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Are You Actually A Post-Agilist?

Have you heard that term? I happened upon it purely by accident about a year ago and after reading and learning a bit about it I found that I could identify with it quite a bit. You can read Jason Gorman’s post Post-Agilism Explained (Pretentiously) as well as Jonathan Kohl’s massive post – Post-Agilism Frequently Asked Questions for a great discussion of what the post-Agile movement is all about. Jonathan and Jason independently coined the term at about the same time so they are an authority on the term if anyone is. I am going to attempt to give my humble views on the topic and hopefully you will identify with some of what I say.

For those of you who’ve decided to learn about post-Agilism after they finish reading this post (thanks!), post-Agilism is basically a movement in the software development community of people who see themselves as moving beyond Agile methods. They have used Agile and not-so-agile methodologies and have moved beyond both to using an amalgamation of tools and methods that best facilitate them doing their job. Post-Agilism is not about evangelizing a particular process or a set of practices or even the Agile Manifesto, it is about getting to the core of the issues that process in general tries to address and solving them in the best ways possible. At least, this is the way I see it.

Post-Agilism is not about rejecting the Agile practices, it is about not limit yourself by Agile practices. I think the original spirit of the Agile movement has now become the spirit of the post-Agile movement as Agile is becoming less about the spirit and more about pushing a particular Agile process as the best one (there are so many to choose from now). At first it was Agile vs heavyweight; now it is still that, but it is also Agile vs Agile (we are an XP team we are the best, no we are clearly superior for we are a Scrum team!).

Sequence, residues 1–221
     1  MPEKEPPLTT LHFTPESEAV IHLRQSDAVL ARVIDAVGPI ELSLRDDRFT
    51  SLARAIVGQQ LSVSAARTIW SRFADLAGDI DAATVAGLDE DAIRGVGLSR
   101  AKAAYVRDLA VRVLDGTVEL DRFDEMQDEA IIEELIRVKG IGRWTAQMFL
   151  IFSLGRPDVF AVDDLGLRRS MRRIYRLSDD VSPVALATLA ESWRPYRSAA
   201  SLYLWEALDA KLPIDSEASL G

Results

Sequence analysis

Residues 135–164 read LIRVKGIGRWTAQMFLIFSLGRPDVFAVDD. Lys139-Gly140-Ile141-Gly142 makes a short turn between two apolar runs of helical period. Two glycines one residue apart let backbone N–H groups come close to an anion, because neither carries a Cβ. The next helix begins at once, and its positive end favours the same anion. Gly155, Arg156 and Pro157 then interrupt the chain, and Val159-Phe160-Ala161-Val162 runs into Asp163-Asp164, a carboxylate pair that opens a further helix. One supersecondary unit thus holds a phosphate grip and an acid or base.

I for one get extremely annoyed sometimes at process vs process discussion (be they Agile or not), I see them as completely pointless. One of the core ideas behind Agile which most often seems to be forgotten is the fact that you’re meant to adapt, to ‘bastardise’ the process and practices until you get something that works for you. This makes any kind of process/practice purist argument meaningless. This very agile idea of being adaptable, of chopping and changing to fit your needs is now also at the core of the post-Agile movement.

To me, the most important thing about a process is the ‘spirit’ of it, not the practices. Quite often these days Agile teams seem to loose sight of the agile spirit and I think the post-Agile movement is more about the spirit. When I say spirit I mean things like:

  • respecting the individual
  • communicating effectively
  • doing work (writing code) that you could be proud of
  • not getting bogged down in minutiae
  • having some backbone when dealing with those around your team (i.e. stakeholders etc.)
  • etc.

And all of these at the same time, not one by one.

If these sound suspiciously like the Agile Manifesto, they are meant to, the spirit of the Manifesto is very sound. If some of these sound strangely unlike the Agile Manifesto they are also meant to, the Manifesto is not the be-all, end-all of commandments that we live by.

This I think is also at the heart of the post-Agile movement, it is not about the process, it is not about the practices, it is about the spirit of agile, it is about the ideal. Use your knowledge to select the most appropriate tools, processes and practices, whatever they happen to be. There is no best length for an iteration, there is no best retro format, pick whatever works and discard it if it doesn’t, as long as you stay true to the ideal, you won’t go too far wrong.

Here is an example that might help make my meaning a little bit clearer. I’ve been interested in distributed Agile for a while now. So, what do you do if you ever find yourself working in a distributed environment with multiple teams that are not co-located? Trying to make the best of a bad situation while all the while moaning about how much better things would have been had the teams been located in the same place. That is NOT staying true to the agile spirit (alright, you can moan a little bit, good for the soul and all). Trying to find ways to effectively collaborate, to make things work better, to innovate solutions, to get to know the people on the other teams (rather than complaining about their ‘crappy’ code). That would be living up to the ideal, staying true to the spirit of agile, or post-Agile as the case may be.